Who will benefit from Obama deportations review?

Since the so-called Comprehensive Immigration Reform is dead till the next president assumes power in January 2017 (while it is too early, but the expectation is that in the 2014 mid term elections, the GOP will most likely not only retain control of the house, but will do so with a bigger majority, and there are some models showing that it might regain control of the Senate, or at least reduce the number of seats Democrats now control).  So unless the Democrats do well in 2016 elections, it is difficult to see how undocumented immigrants will be able to legalize their status.  And because the Democrats need to do something to get the Latino vote in 2014 (and hopefully at least keep their small majority in the Senate -- no amount of Hispanic vote can change the House of Representatives), President Barack Obama is considering what can be legally done to help those aliens who are illegally in the United States, pretty much like he helped a small group of so-called DREAMers by implementing a Deferred Action For Childhood Arrivals or DACA (this does not give them legal immigration status but stops their deportation and allows them to work legally with some freedom to travel outside the United States).  Since it is absolutely critical for an immigrant to have been present the whole time in the United States, anyone deported will typically not be eligible for any kind of legalization, so such programs help people stay in the country in the hope that some kind of reform might happen in the future.

What will happen after the review is completed?  Of course, the review is just a fancy name for what has already been pretty much decided.  The idea behind using the term 'review' is to create a legal cover for executive action by the President.  The Administration also wants to make sure that enough legal scholars are consulted so that if the program is announced, a court will not strike it down as unconstitutional (contrary to demands by some undocumented immigrant groups, the President cannot make anyone legal or give them green cards or make them citizens -- in fact, any deferral of deportations will be temporary till the last day he is the president, and if the next president is a Republican, he can revoke all the permits and deferrals).  Based on the information leaking out of Washington DC, this is what is likely to happen:  if you are illegally in the United States (either because you overstayed your visa or crossed the border illegally), and have not been convicted of a felony and have maximum of three misdemeanors, you will be approved.  You will not be penalized for stealing Social Security numbers, or for failing to file income taxes, or for using fake papers to work.  No back taxes will be required to be paid.  There will be extra points if you have an immediate family member (meaning spouse, child or parent) who is a US citizen or permanent resident.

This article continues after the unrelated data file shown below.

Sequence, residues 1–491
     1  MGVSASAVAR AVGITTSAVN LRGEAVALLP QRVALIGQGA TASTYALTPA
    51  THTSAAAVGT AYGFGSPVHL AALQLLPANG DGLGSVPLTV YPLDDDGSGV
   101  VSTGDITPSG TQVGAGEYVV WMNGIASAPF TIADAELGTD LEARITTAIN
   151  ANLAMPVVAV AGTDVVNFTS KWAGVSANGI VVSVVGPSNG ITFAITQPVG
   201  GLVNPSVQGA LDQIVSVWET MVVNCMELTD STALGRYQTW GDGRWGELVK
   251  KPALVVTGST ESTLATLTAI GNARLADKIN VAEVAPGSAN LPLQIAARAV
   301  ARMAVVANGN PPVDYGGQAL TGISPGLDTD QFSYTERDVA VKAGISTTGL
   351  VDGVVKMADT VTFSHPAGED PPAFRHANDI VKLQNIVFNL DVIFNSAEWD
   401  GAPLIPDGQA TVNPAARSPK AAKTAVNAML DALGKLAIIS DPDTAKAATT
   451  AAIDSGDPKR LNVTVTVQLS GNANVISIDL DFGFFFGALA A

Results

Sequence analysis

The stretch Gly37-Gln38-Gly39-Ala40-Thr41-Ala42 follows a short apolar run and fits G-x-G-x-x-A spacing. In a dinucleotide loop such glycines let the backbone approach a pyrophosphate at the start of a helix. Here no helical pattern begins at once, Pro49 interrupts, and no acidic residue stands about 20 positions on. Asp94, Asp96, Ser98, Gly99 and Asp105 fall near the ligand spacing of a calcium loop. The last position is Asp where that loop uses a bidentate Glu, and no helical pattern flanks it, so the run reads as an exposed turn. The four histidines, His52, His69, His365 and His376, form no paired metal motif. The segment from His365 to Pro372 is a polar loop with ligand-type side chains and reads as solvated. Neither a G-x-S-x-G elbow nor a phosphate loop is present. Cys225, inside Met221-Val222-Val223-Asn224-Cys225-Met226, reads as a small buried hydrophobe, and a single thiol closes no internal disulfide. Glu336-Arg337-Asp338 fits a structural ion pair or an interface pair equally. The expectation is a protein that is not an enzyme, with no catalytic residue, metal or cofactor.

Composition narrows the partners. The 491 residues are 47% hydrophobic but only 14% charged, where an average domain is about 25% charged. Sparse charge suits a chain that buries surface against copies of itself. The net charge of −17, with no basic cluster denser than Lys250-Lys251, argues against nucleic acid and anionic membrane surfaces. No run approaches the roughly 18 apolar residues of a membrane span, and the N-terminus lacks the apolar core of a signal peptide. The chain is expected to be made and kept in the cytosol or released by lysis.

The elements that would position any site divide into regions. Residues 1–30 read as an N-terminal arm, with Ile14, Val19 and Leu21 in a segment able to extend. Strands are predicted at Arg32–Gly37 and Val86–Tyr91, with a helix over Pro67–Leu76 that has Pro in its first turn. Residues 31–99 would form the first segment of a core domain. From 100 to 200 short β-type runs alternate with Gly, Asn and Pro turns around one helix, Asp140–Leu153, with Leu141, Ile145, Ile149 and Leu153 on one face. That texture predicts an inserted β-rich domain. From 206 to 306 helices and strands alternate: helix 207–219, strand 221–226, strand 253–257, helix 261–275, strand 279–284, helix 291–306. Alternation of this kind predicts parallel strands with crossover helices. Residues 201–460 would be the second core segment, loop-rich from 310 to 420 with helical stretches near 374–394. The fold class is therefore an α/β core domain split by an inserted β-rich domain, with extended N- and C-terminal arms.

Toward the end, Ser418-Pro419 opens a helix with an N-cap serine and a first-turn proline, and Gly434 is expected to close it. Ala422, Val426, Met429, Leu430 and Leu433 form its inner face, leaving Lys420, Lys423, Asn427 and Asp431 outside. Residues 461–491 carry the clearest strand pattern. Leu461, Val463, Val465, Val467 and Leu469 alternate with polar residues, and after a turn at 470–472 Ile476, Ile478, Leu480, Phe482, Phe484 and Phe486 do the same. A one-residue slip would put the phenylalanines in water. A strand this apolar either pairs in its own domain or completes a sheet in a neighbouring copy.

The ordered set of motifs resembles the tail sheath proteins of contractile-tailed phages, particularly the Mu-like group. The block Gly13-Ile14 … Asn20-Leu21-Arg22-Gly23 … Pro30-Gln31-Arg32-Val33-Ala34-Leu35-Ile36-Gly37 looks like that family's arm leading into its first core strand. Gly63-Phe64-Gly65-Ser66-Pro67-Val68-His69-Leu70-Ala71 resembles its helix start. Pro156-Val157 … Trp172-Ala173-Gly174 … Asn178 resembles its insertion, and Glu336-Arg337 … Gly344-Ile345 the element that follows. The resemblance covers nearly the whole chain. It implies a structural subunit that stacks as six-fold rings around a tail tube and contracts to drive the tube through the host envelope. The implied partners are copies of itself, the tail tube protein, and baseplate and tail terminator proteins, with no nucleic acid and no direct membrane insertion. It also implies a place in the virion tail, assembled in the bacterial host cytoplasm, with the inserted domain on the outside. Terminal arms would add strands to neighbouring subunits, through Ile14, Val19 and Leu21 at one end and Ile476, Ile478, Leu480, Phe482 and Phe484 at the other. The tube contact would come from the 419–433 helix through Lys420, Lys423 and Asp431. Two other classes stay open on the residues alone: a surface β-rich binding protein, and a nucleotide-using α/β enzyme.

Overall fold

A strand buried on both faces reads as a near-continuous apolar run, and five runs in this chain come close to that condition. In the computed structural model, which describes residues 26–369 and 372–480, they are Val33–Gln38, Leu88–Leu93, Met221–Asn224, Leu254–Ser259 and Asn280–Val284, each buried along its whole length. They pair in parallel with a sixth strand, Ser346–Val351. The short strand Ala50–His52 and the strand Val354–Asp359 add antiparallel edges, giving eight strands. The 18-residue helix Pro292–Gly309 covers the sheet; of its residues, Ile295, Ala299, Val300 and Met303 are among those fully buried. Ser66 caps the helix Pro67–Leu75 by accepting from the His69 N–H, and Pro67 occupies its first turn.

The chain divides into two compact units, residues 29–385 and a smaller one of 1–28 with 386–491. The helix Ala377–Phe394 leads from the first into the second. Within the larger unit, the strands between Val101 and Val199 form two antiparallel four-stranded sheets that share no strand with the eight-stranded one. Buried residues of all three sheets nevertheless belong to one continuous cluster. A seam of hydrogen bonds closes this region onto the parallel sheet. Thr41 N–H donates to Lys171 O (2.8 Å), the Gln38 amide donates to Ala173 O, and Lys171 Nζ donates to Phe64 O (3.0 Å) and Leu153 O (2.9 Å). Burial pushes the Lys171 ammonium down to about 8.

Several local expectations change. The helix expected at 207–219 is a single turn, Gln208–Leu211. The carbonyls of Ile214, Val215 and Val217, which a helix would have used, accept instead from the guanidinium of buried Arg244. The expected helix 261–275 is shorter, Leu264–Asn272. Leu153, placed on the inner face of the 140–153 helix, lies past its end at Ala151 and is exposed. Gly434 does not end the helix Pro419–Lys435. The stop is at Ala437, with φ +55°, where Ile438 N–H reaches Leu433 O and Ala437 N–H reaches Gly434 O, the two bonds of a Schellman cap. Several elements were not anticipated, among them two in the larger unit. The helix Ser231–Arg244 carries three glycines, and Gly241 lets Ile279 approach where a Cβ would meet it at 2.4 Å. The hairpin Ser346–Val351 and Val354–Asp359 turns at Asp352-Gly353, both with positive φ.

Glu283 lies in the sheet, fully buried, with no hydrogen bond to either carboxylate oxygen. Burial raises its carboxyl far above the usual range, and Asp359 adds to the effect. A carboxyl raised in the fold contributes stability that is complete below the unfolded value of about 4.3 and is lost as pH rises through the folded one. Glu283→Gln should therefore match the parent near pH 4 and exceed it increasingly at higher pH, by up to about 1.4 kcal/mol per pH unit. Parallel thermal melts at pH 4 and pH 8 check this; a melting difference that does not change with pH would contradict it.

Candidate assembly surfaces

How will I apply for the work permit and deferred action?  It is expected that the USCIS will administer the program and require you to complete two or three forms.  So, it is recommended that you prepare for this program by getting a valid passport from your native country and start collecting evidence of your stay in the United States like leases, bank statements, utility bills, etc.  The fee is expected to approximately $500 per person and a small discount for minors (in other words, if you are tight with money, start saving by cutting back on entertainment and shopping).  Once you submit the paperwork, you will be fingerprinted and a background security check will be done to confirm your identity and find out about your criminal background.  Your approval will give you an employment authorization card (EAD) that you can use to apply for a real SSN at the local SSA office.  Using both, you will be able to work anywhere in the country for any job, except for the government.